Categories: documentaries, religion and film/television, religion and politics, religion and the military, religion and violence, turner's posts
Posted by Paul Harvey
Posted by Paul Harvey
By John Turner
Last month, PBS garnered high ratings (though perhaps not as high as expected) for Ken Burns's The War.
Burns's 15-hour documentary garnered some mixed reviews. For example, Alessandra Stanley in the New York Times criticized its political timidity, lack of inclusiveness, and insularity. Burns received a large amount of criticism for not including material on Latino Americans in the film, eventually prompting him to insert (somewhat awkwardly, in my opinion) some compensating footage.
As I watched The War, I occasionally thought about the presence of religion in the film: when a Jewish veteran described his motivation for fighting, when troops prayed on ships before entering combat, and when carols accompanied a wartime Christmas. I appreciated a few subtle touches, such as one of my favorite hymns -- Come Ye Thankful People, Come -- serving as background music to a harrowing Thanksgiving meal on the front.
And while I wouldn't have wanted Burns to splice in material on the subject of religion, the little bits of religion that made their way into the film intrigued me. I found myself wanting to know more about the interconnections between American religions and the war. There was a lot of discussion towards the end of the documentary about how the war indelibly changed those who fought in it. I wanted to know how believing (and unbelieving) used their faith (or lack thereof) to interpret what they saw during the war. Perhaps a chaplain for an interviewee? Religion seemed uncontroversial in the early 1940s -- surprisingly so, even when both Franklin Roosevelt (I think) and ordinary Americans talked about the war as a "crusade." I was curious about some divisions and controversies that might have lurked beneath the surface of consensus.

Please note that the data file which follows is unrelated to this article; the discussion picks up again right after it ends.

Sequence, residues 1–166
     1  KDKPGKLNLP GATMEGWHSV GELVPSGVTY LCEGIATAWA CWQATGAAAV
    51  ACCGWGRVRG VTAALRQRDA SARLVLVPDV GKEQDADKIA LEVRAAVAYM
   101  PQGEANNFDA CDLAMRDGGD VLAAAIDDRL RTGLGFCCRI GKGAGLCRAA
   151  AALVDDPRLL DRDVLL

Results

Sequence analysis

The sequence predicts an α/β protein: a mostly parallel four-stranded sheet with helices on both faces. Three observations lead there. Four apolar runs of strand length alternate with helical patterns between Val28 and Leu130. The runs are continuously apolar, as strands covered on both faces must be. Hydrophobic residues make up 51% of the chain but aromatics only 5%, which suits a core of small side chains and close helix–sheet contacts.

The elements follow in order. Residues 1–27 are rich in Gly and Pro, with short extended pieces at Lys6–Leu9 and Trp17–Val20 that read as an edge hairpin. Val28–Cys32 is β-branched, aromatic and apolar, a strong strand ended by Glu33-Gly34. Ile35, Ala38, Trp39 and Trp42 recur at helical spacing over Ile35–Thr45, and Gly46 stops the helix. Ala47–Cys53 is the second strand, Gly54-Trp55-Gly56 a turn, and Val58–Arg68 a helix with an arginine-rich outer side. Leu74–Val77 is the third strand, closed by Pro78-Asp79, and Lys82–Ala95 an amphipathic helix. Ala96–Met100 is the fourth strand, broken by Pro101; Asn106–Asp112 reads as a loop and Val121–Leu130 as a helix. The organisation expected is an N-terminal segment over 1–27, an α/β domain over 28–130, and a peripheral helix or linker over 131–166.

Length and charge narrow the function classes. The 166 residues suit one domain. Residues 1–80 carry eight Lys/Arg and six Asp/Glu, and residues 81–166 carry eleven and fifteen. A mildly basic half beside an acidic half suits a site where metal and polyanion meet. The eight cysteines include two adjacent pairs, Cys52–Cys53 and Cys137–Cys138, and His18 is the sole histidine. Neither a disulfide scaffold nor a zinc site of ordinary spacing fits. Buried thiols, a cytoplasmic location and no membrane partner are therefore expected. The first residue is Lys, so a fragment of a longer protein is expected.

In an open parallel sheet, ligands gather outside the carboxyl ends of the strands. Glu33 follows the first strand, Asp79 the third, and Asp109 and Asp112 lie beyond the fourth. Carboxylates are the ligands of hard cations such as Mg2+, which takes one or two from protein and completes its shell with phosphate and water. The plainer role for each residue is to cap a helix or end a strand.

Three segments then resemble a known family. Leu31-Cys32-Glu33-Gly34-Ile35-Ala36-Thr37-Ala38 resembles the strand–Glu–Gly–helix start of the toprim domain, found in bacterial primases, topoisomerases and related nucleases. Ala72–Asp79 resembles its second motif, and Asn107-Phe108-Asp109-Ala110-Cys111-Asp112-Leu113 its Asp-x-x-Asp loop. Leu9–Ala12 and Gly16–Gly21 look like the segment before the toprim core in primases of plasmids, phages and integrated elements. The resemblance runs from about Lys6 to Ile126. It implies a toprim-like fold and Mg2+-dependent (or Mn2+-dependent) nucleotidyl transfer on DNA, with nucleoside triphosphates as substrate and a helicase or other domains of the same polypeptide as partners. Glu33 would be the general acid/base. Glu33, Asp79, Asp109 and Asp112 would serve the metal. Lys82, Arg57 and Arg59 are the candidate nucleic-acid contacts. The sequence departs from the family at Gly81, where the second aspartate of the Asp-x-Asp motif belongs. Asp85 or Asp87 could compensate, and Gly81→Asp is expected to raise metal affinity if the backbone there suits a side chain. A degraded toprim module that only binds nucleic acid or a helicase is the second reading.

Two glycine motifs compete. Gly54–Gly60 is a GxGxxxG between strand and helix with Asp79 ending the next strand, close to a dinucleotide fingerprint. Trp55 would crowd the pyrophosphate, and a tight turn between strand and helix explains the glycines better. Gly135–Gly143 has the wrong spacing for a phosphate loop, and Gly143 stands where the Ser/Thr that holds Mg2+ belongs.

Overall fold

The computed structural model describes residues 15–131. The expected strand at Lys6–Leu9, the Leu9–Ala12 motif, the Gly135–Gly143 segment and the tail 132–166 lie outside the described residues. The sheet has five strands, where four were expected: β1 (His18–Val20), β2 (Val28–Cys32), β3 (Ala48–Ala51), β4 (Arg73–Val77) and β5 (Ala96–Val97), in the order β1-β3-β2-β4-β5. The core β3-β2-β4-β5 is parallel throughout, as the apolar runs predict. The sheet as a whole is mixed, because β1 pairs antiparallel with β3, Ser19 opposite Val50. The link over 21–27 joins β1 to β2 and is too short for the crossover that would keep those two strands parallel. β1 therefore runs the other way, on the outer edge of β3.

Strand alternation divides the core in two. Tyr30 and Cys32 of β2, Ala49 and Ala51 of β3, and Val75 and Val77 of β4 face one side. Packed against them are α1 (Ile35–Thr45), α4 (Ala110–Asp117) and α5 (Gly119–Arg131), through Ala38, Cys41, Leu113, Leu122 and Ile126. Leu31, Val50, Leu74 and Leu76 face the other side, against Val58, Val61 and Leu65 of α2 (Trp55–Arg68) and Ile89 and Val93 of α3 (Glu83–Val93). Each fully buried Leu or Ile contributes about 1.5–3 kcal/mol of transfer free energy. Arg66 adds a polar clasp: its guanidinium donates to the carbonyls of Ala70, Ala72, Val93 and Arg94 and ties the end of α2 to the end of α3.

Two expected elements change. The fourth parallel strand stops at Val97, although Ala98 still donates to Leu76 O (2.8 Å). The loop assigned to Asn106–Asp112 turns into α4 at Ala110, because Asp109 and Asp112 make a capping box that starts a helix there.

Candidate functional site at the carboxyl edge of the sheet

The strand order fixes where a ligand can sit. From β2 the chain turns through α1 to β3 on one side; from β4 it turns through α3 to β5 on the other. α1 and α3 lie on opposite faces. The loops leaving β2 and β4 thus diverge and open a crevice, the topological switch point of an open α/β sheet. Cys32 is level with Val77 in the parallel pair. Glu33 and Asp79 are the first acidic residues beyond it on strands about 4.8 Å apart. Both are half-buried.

I don't blame Burns for not including more religion -- he had a hard enough task satisfying diverse groups of Americans. Still, the film made me think that we need more studies of religion and WWII. Gerald Sittser's A Cautious Patriotism, I think, is a good starting place (though I think many groups he paid less attention to dropped the caution), and portions of other books (such as Joel Carpenter's Revive Us Again) discuss the impact of the war on certain American religious groups. Because of Youth for Christ and the postwar burst of foreign mission agencies, the war appears to have been central to the reemergence of evangelicalism in a way not yet fully appreciated. The formation of the National Council of Churches shortly after the war possibly highlighted the height of mainline Protestant clout in the United States. The war certainly helped usher in the Protestant-Catholic-Jew consensus of the 1950s. All of these factors make me think of the Second World War as a critical turning point in the history of American religion, and I'm looking forward to someone writing a book that puts this story together for us.